R21/Matrix-M™ Malaria Vaccine 2022
The R21/Matrix-M™ vaccine was created by the University of Oxford and includes Novavax AB proprietary saponin-based Matrix-M adjuvant and is licensed to and manufactured by the Serum Institute of India Private Ltd (SII). The R21 was created by the University of Oxford, located in England. In 2017, Oxford published an abstract: High-level efficacy in humans of a next-generation plasmodium falciparum anti-sporozoite vaccine: R21 in Matrix-M adjuvant.
R21/Matrix-M is produced by expressing recombinant HBsAg virus-like particles in Hansenula polymorpha, comprising the central repeat and the C-terminus of the circumsporozoite protein (CSP) fused to the N-terminal end of HBsAg10.
Under Novavax's agreement with Serum Institute, SII has the commercial rights to use Matrix-M in the vaccine in regions where the disease is endemic and pay Novavax royalties. Additionally, Novavax has the commercial rights to sell and distribute the SII-manufactured vaccine in certain countries, primarily in the travelers' and military vaccine markets.
On April 20, 2021, Adrian Hill, Director of the Jenner Institute and Lakshmi Mittal and Family Professor of Vaccinology at the University of Oxford, and co-author of a non-peer-reviewed paper, said in a press release, 'These new results support our high expectations for the potential of this vaccine, which we believe is the first to reach the WHO's goal of a vaccine for malaria with at least 75% efficacy. The Phase 2b clinical trial targeted children 5-17 months.
The Lancet published a study on May 5, 2021, saying that R21/MM malaria vaccine appears safe and very immunogenic in African children and shows promising high-level efficacy. Therefore, it was extended with a booster vaccination administered before the next malaria season one year later. And on September 7, 2022, The Lancet Infectious Diseases published: Efficacy and immunogenicity of R21/Matrix-M vaccine against clinical malaria after two years follow-up in children in Burkina Faso: a phase 1/2b randomized controlled trial, that concluded - A booster dose of R21/Matrix-M at one year following the primary three-dose regimen maintained high efficacy against first and multiple episodes of clinical malaria. Furthermore, the booster vaccine-induced antibody concentrations correlated with vaccine efficacy.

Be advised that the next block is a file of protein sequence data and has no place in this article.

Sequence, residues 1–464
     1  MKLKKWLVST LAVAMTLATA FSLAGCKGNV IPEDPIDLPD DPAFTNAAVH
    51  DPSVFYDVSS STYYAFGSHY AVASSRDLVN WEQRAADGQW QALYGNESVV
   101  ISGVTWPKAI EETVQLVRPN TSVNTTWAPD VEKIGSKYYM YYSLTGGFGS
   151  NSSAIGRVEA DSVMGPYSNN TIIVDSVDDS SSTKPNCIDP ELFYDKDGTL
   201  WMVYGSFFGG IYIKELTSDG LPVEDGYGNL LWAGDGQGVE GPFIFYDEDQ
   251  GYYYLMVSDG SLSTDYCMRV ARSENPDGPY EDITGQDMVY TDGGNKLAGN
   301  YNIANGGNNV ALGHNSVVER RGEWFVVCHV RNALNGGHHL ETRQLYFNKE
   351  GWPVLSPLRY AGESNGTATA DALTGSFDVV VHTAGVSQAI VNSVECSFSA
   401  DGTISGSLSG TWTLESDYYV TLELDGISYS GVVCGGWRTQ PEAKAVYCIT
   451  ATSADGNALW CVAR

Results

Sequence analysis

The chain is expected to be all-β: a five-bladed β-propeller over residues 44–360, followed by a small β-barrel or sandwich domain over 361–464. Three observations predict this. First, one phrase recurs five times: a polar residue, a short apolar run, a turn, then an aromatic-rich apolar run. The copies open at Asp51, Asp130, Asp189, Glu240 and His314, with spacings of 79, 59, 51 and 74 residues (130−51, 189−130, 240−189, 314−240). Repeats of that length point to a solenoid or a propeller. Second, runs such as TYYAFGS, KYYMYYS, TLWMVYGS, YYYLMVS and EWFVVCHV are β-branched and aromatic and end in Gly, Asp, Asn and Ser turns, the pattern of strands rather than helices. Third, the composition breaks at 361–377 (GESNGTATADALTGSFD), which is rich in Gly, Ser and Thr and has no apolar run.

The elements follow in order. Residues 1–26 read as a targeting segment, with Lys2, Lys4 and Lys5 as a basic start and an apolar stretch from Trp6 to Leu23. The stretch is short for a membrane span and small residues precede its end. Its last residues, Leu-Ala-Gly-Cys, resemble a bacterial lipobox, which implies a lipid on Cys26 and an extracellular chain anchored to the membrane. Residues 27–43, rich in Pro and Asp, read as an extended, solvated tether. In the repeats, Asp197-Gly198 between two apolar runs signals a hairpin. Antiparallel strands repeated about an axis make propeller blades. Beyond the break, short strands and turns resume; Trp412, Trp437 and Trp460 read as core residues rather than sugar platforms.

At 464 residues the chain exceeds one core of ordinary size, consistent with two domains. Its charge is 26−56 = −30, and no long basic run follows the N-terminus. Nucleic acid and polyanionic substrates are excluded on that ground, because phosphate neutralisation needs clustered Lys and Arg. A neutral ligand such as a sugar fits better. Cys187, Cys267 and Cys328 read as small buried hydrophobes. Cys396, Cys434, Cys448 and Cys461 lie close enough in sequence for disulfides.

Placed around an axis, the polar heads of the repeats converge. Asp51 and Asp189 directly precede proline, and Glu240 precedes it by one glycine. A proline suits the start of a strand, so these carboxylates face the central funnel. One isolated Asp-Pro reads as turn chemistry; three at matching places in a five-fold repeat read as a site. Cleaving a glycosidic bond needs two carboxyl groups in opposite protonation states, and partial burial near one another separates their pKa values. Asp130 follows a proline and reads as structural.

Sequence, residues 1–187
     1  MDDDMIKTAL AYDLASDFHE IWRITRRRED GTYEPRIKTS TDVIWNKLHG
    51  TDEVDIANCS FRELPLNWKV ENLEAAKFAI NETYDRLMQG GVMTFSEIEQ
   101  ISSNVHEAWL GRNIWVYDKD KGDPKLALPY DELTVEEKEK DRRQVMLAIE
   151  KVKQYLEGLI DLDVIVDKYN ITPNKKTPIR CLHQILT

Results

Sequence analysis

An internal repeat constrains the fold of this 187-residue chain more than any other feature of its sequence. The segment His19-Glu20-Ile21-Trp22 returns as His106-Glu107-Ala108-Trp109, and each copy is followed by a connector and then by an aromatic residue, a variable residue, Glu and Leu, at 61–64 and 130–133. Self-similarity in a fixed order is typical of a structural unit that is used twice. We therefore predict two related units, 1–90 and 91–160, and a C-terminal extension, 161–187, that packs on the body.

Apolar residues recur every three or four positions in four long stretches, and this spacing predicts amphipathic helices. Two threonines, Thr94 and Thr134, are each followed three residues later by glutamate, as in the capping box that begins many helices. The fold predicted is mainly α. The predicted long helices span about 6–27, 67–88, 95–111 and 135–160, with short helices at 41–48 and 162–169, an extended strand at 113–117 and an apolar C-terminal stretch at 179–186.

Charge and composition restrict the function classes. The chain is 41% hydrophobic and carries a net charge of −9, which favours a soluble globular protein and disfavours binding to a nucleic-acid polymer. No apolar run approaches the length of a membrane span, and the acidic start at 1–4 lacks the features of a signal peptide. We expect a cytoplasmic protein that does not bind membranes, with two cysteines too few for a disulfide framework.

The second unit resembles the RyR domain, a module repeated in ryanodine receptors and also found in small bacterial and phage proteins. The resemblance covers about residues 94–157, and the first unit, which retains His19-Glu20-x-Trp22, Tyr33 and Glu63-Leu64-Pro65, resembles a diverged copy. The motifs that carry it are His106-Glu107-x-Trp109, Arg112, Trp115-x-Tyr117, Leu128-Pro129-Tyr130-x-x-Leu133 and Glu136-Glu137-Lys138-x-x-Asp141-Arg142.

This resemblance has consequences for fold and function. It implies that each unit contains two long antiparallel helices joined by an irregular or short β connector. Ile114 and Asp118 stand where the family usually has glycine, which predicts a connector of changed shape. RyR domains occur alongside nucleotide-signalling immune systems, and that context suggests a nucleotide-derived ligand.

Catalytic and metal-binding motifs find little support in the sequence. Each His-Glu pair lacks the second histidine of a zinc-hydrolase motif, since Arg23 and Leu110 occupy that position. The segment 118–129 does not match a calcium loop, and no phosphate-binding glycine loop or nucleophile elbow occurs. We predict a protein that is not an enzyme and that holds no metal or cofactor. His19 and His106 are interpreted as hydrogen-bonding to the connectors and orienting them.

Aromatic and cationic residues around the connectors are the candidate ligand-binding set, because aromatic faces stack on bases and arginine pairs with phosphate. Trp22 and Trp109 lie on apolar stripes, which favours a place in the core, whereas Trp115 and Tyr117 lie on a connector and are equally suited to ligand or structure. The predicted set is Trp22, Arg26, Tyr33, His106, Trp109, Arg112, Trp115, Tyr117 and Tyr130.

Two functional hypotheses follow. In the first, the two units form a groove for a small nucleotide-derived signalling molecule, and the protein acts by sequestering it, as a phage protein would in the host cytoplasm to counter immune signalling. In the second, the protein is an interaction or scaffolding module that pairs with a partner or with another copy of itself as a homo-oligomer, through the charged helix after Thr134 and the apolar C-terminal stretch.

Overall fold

Oxford University: ground-breaking research and innovation. The Jenner Institute is based within the Nuffield Department of Medicine, University of Oxford, and operates out of the Old Road Campus Research Building in Headington, Oxford.
The Drugs Controller General of India granted permission on September 29, 2022, to send two lakh doses of the R21/Matrix-M vaccine manufactured by Serum Institute to the UK.
R21/Matrix-M Malaria Vaccine is indicated to prevent Plasmodium falciparum malaria, a mosquito-borne disease. There were 229 million malaria cases worldwide in 2019, with an estimated 409,000 deaths. According to the WHO, children under five are the most vulnerable, accounting for 67 percent of deaths worldwide in 2019.
R21/Matrix-M Malaria vaccine three-dose primary regime dosage was tested in the Phase 2b clinical trial. Participants aged 5-17 months received 5 mg of R21 with either 25 mg or 50 mg of Matrix-M or a rabies vaccine as a control.
R21/Matrix-M Booster Dose
This phase 1/2b randomized controlled clinical trial reports the safety, immunogenicity, and efficacy of the R21/Matrix-M malaria vaccine. The administration of a booster dose 12 months following the 3-dose primary series of R21/Matrix-M vaccinations shows the added benefit of a fourth dose when administered before the malaria season. Vaccine efficacy was maintained in the high-dose adjuvant group, at 80% following the booster vaccine over 12 months and 75% over 24 months after the prior three-dose regimen. Furthermore, vaccine efficacy against multiple episodes of clinical malaria was similar (78%) over two years of follow-up. R21/Matrix-M has a favorable safety profile and induces high levels of malaria-specific anti-NANP antibodies that correlate with the observed protection against clinical malaria.
R21/Matrix-M Vaccine Manufacturing
The University of Oxford has partnered with Serum Institute of India Pvt Ltd. (SIIPL) to manufacture R21/Matrix-M to ensure the provision of low high volumes of low-cost vaccine and access in countries where it is required the most. SIIPL has confirmed its commitment to providing>200 million doses annually after licensure.